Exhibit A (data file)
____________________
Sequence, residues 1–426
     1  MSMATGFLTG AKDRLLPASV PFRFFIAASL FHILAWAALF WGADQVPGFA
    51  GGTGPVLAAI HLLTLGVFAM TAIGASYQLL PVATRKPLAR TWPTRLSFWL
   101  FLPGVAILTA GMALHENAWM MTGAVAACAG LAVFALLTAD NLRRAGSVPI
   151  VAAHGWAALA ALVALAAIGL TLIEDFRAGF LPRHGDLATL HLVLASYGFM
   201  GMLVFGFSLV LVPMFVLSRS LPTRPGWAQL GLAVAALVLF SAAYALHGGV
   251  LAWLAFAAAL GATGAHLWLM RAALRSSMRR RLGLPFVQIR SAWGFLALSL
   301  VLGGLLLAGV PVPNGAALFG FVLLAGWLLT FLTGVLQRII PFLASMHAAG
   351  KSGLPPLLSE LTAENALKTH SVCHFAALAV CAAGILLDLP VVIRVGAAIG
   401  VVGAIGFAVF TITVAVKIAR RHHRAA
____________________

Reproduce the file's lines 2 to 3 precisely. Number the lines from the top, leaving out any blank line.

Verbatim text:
     1  MSMATGFLTG AKDRLLPASV PFRFFIAASL FHILAWAALF WGADQVPGFA
    51  GGTGPVLAAI HLLTLGVFAM TAIGASYQLL PVATRKPLAR TWPTRLSFWL